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Feather River Bulletin
Quincy, California
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February 28, 2001     Feather River Bulletin
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February 28, 2001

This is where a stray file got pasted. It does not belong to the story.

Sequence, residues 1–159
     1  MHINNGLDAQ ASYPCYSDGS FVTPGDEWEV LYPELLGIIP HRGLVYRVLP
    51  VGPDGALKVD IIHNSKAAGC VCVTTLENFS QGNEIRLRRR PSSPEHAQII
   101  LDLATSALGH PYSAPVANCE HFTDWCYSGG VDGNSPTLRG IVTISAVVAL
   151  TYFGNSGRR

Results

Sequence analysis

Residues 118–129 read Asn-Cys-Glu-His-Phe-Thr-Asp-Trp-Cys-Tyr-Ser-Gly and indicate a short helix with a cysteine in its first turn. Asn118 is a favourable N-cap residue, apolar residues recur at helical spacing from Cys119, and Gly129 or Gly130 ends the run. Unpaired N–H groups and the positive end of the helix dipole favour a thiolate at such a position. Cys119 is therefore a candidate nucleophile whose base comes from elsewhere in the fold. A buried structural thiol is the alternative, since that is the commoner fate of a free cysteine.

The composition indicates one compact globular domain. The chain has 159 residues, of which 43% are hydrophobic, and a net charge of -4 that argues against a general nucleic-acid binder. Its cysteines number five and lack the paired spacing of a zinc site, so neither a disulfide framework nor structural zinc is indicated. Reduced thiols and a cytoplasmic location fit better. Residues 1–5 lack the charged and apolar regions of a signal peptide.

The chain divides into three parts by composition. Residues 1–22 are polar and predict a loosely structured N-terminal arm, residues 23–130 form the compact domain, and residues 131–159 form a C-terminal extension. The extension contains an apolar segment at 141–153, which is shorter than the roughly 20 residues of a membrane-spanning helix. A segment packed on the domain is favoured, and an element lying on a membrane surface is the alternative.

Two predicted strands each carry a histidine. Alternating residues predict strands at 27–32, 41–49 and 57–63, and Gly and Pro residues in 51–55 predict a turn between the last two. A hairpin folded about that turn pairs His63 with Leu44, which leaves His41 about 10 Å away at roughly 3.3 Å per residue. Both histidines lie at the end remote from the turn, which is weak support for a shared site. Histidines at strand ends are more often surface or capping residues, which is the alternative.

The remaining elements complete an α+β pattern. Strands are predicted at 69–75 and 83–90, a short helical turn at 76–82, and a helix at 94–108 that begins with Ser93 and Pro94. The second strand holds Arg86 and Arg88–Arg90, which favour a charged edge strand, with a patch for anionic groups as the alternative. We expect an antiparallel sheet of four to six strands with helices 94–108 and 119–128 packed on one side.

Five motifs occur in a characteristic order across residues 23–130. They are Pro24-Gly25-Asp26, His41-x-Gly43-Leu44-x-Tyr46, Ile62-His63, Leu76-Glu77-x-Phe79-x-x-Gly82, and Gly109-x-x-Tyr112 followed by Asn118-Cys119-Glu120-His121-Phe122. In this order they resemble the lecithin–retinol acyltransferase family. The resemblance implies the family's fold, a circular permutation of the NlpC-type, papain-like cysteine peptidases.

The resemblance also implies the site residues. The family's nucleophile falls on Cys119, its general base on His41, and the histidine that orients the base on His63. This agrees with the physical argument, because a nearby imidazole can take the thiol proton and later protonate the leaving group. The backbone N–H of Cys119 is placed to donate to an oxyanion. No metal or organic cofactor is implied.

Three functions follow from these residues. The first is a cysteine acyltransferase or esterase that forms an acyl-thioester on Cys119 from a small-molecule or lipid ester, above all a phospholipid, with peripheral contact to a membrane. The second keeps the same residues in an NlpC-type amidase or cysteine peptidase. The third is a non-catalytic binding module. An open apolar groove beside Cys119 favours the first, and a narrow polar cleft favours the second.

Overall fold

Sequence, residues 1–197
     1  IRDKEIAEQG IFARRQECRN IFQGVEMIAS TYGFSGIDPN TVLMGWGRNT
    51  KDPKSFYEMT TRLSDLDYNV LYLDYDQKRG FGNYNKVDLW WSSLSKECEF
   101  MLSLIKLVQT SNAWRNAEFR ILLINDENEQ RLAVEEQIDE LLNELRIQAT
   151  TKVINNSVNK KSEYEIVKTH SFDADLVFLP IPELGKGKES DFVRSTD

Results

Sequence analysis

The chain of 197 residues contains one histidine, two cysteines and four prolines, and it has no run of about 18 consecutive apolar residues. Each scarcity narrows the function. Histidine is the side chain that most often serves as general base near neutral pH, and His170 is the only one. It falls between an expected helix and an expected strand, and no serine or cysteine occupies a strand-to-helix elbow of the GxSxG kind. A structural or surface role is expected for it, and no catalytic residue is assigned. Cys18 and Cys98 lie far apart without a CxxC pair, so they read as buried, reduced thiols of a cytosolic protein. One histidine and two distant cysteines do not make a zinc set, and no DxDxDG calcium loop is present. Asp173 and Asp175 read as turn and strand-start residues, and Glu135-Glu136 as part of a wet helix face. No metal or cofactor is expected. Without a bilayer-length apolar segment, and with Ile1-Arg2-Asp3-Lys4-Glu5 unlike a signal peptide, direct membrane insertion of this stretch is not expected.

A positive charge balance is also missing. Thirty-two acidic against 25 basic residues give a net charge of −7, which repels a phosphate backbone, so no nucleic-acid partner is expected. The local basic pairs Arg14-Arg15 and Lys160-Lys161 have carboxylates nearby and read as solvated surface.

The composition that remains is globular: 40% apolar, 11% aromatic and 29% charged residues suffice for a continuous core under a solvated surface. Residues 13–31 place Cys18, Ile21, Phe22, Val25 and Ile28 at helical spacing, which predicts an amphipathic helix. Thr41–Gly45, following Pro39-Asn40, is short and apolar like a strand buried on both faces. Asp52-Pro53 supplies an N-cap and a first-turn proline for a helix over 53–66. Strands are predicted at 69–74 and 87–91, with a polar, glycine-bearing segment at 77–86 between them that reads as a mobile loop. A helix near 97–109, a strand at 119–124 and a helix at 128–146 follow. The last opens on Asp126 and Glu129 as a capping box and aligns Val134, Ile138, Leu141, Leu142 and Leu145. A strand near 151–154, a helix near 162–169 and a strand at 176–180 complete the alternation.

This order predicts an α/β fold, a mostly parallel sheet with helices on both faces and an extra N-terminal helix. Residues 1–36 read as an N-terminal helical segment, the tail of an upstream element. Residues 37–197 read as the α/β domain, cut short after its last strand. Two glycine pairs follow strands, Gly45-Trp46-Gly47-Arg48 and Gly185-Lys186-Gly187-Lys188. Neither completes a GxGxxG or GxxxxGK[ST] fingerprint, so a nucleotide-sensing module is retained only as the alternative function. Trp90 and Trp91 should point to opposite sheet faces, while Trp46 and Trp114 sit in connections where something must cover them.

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6B Wednesday, ~:eb, 28, 2001 I By Victoria Metcalf What it means qtafl W~iter Members of a specially ap- Plumas County residents in- pointed committee of citizens terested in adopting a Fido or and county officials began a Tom will find costs have in- meeting on ways of dealing creased in some areas, de- with Plumas County's un- creased in others, wanted pet population in 1999. Overall. regulations have At that time, the Animal tighten when it comes to up- Control department was un- front fees for adopting a pet. der the supervision of the And Plumas County officials County Administrative Offi- have made it clear they want cer. to cut down on the unwanted Since then, department con- pet population by getting trol has been transferred to tough with spay and neuter the SheriWs Department. regulations. In the initial meetings, com- That was the outcome Tues- mittee members were inter- day, Feb. 20, as members of ested in determaining if a no the Board of Supervisors ap- kill policy could be adopted by proved seven of eight items the shelter. before their inspection from Since then, the committee the Plumas County Sheriff's has determined that it is not Department and Animal Con- possible, but members have trol. discovered ways to tighten Supervisor Robert Meacher controls on the spread of un- moved to adopt the new AnL wanted pets. real Control regulations, with The committee also focused the exception of a seventh on ways to make public educa- item to be revisited when a tion about pet ownership a re- new shelter is completed, and quirement for adoption, and a consideration for senior citi- yet make it practical. zen discotmts. And the committee wanted to involve the courts in play- New regulations ing a bigger role in achieving Adopt the goal for the Plumas the overall goal of reducing County Animal Shelter pro- the unwanted pet population. gram to substantially reduce As the committee worked or eliminale entirely, if possi- together, it eventually drafted ble. the euthanizmg of adopt- a recommended shelter policy able dogs and cats. "to substantially reduce or Approve the new dog and eliminate, entirely if possible, cate adoptions agreement, the euthanizing of adoptable Approve the additiohs, delec- dogs and eats at the Plumas tions and amendments to the County shelter." Master Fee Schedule recom- Incentives offered to help mended by the committee and meet this policy included: a adopt a resolution implement- mandatory spay and neuter ing the changes, program, except for licensed Direct that county counsel breeders; enforcement of cur- prepare an amendment to the rent spay and neuter agree- county code to delete Section ments; the increase of spay 6-1.214 concerning the strict and neuter deposits to an leash law in specific fire dis- amount equal to the cost of tricts and community service the surgery by veterinarians; districts, and transfer the increase the unaltered dog at spay and neuter language and large fine with repeat viola- $1,000 maximum fine provi- tions; lessen the six-month pe- sion to Section 6-1.210. riod within which adopted Adopt the requirement that, junvenile animals must be al- after the new shelter is occu- tered after adoption; amend pied, all persons adopting or the license fee schedule to en- redeeming dogs and cats from courage the altering of dogs; the shelter must attend a pet and mandatory pet ownership care eduction class conducted classes for all persons adopt- by the county. Otherwise, the ing or redeeming pets from adopted or redeemed pet must the shelter. be returned to the shelter for "The underlying principal Bulletin, I That has been rectified with the volunteer services of one member of the Plumas Ani- mal Welfare Society. For those interested in adopting a cat from the Ani- mal Shelter, the spay and neuter deposit has been in- creased from $40 to $50. The adoption fee for pup- pies and dogs has increased from $40 to $75. The deposits are returned to the adopting parties, when ev- idence of having the animal altered is presented at the shelter. The time between when an animal is adopted and when the deadline for spay or neuter is completed has also been tightened. In the past, it was 60 days; that has been reduced to 10 days. The spay or neuter of pup- pies and kittens has also been reduced from within six months to within 30 days of adoption. Some exceptions are made based on veterinary rec- ommendations. And giving the new regula- tions some teeth previous reg- ulations may not have had, if the conditions of adoption aren't met, the deposit is for- feited and the animal must be returned to the shelter. The party will also be cited. Under the old regulations, dogs must have been vaccinat- ed for rabies with 30 days of adoption. That has been changed to within 10 days of adoption, and the licensing nmst follow withing 14 days of adoption. Regulations also give shel- ter workers a better opportu- nity to get in touch with those who are adopting pets. An im- proved information form has been designed for just that reason. Incentives The bottomiine for pet own- ers is, under the new regula- tions, those who are responsi- ble benefit, those who aren't pay. That was the consensus of the committee on making li- censing inexpensive, but fines increase substantially for those who allow their animals $250, if their dog is found run- ning wild. The fine, however, can be reduced with a spay or neuter certificate from a vet- erinarian. Dop adoption fees are in- creased from $5 to $10, and cat adoption fees are increased from $3 to $10. The additional charge for animal control services at Valley Ranch Estates has been deleted. According to discuss with the Board of Su- pervisors, the division had planned specific animal con- trol regulations when the de- velopment was planned, but there hasn't been a problem there with unresponsible pet owners. And the county will no longer charge residents who release litters of puppies and kittes to the shelter, if they have proof the mother animal has been spayed. The fee schedule is not based on generating addition- al revenue for the animal shel- ter, according to the commit- tee report. "It was the strong geeling of the committee that a reduc- tion of the number of unwant- ed dogs and cats impounded and euthanized was more im- portant and would have a greater positive impact on the overall animal control pro- gram, than wether the fee/fine structure covered more or less the gross cost to the program," the committee wrote. With this in mind, the gen- eral fund requirement to the program would cost the coun- ty more money. Currently, the program is subsized by l puty honored for Plumas roll in DUIs By Christi Sevtap Chester Editor In 1999, Deputy Dale Prosise cited the most alcohol-related offenses in Plumas County, a feat that earned him recogni- tion from Mothers Against Drunk Driving (MADD), a na- tional organization. l $142,000, which will increase. Pet care Not everyone knows how to take care of a pet, was the message from the committee. And as a step toward ensuring new pet owners get the basics down, a mandatory animal care class/video has been adopted. For those adopting a pet from the county, the video is a must. Di u 4on Sheriff Len Gardner and Administrative Sgt. Tom Mareina presented the new recommendations to the Board of Supervisors. Both 'said they were quite familiar with the committee's recommendations and sup- ported their efforts. A number of committee members were in the audi- ence to show their support of the new regulations, but there was also a showing of opposi- tion and concerns voiced about some of the specific changes. One of those concerned citi- zens was Quincy area resident Margo Stratton. She said her concern was that, with the tightening of restrictions, more animals would be aban- doned in the woods and not left at the shelter. Referring to an item de- ferred until the new shelter is built, Stratton said she is con- cerned that, by not allowing people to give away puppies and kittens in front of stores, the county is only making the situation worse. Supervisor Bill Dennison said he thought new regulations lot to make them Mareina said dogs licensed is a law to enforce, and | of the animal shelter going to go knocki to see if dc Mareina said the forced when dogs up. If they're not owner is fined. Supervisor Don mented that the had come up with lot" of regulations. VIareina pointed are incentives make following rive to those otherwise follow it. Mareina went forcement. no one break that's auto Dennison whether it was wise the adoption fee. Mareina with the mal altered. Once the er presents eration has taken money is returned. Stratton su there might be an method to amounts to twice for tion. She income and ten can't afford to to the shelter, and another $75 right the vet. After some Mareina, it was the board, that considered. adoption by the general pub- of the recommendations is to to roam and don't follow theAfter receiving the award, lic. . . , prov, ide as many positive in- county regulation. , set a aersonal goal for . .county staffshatl be required cen Ves as possibl rest- Currently it costs Plumas "':" - e'''""ar "" " ........ --'the'y 2000. to double his to transport unaltered ant-dents for the spay a ineuter- ounty resments $6 to ncense + numbers. reals adopted or redeemed ing of their pets, and make it a dog between four to eight After a year of citing DUIs from the shelter to a local vet- painful in the pocket for those months of age. That decreases erinanrian of the party's who have unaltered and unli- by $1. choice for spaying and neuter- censed animals running at Residents who license an ing, unless the owner is a It- large in the community," ac- unaltered dog can now expect censed breeder, cording to the report, to pay $30, up from $15. For Support Sheriff Len Gard- those who have their dog al- ner's efforts to continue work- Adoption agreement tered, the cost is $5, down ing with animal control pub- Enforcing adtoption agree-from $10, giving another in- lic policy committee and re- ments became one of the early centive for pet owners to help suce groups on matters con- concerns of the committee,curb the unwanted pet popula- cerning the animal shelter, "County staff simply was tion. population control, public ed- not able to follow up on the Delinquent dog and kennel ucation and other related mat- agreements to see that the ani- license fees double under the ters. reals were spayed or rteuteed new regulations. Owners of as promised," the report stat- unaltered dogs can expect ed. fines to increase from $25 to iI We'll help you from planning to painting. Save $1,O00's in Sweat Equity Get the satisfaction of building your own home, or subcontract the project out. We supply all the building materials. "We'll help from finance to finish." or 1-888-299-3227 "We Help From Finance to Finish '" Home Office www.endeavorhomes.com Rough plumbing & foundation P.O. Box 156, Adin, CA not included (Driving Under the Influence) consumption by minors, sales to minors, and other offenses, Prosise reached his goal. As a result, he faces nomination to receive the countywide award for the second year in a row. Prosise, a 1993 Chester High graduate, earned his degree in criminology from Fresno State, spent some time as a deputy for Lassen County, then joined the Plumas Coun: ty Sheriff's Department in 1997. Photo bY Deputy Dale Proslse doubled his number of ed arrests for 2000, which will earn him a another MADD Award. Ernest Ramirez (Service Rep.), Robe Simon (Service Rep.), S a thJ (Customer Service Rep.), Ta my Tyler (Health Care Clinician), (Center Manager), Alien W'dkerson (Service Rep.). 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